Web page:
14Diamonds in the Sky

Ever wondered where to look for nanodiamonds (NDs) in nature? Perhaps a more relevant question is: Do they even exist in natural environment? After all, NDs are very tiny and could be exceedingly difficult to find. For example, in order to make up a thickness of a single‐strand human hair, one would need to weave 1000 NDs side‐by‐side, let alone produce a size of a half‐carat diamond (as on a humble wedding ring) that would need a mound of 30 trillion (3 × 1013) NDs. While diamonds appear to be extremely rare on the earth surface (Section 2.3), who would have ever thought that in dark skies over the far deep space, there just might be abundant NDs present on stars and nebulas enough to light up the skies throughout an entire galaxy? How did scientists find it? This is the story of unidentified infrared (UIR) emission and extended red emission (ERE) of stardust [1].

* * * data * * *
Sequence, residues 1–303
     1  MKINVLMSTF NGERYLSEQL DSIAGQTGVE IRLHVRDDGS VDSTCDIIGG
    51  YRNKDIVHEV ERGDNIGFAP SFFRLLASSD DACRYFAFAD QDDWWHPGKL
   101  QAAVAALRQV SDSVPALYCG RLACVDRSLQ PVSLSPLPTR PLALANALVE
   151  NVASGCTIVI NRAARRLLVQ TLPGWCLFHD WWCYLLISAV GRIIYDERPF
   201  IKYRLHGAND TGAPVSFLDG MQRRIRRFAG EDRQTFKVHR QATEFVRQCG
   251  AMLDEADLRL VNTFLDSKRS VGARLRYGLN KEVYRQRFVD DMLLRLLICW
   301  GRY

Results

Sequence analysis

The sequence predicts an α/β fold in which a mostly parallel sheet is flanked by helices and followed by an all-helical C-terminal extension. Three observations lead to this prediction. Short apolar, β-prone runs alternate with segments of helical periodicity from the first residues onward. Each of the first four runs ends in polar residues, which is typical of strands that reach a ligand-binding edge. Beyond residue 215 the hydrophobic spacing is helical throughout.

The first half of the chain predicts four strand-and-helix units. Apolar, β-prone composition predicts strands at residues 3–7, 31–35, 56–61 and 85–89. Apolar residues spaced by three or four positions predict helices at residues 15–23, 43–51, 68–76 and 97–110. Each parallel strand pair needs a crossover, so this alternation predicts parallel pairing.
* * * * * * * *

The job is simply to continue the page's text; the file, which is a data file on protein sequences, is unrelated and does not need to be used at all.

14.1 Unidentified Infrared Emission

Carbon is the fourth most abundant element in the Galaxy. The possible presence of this element as diamond in space was first proposed by Saslaw and Gaustad [2] in 1969 to account for the observed interstellar extinction curves in the far ultraviolet (UV) region of galactic radiation. Little, if any, attention was paid to this hypothesis until 1987 when Lewis et al. [3] reported the discovery of small diamond grains in primitive meteorites from outside of the solar system (Section 2.4). These diamond grains have an average size of approximately 3 nm in diameter ...

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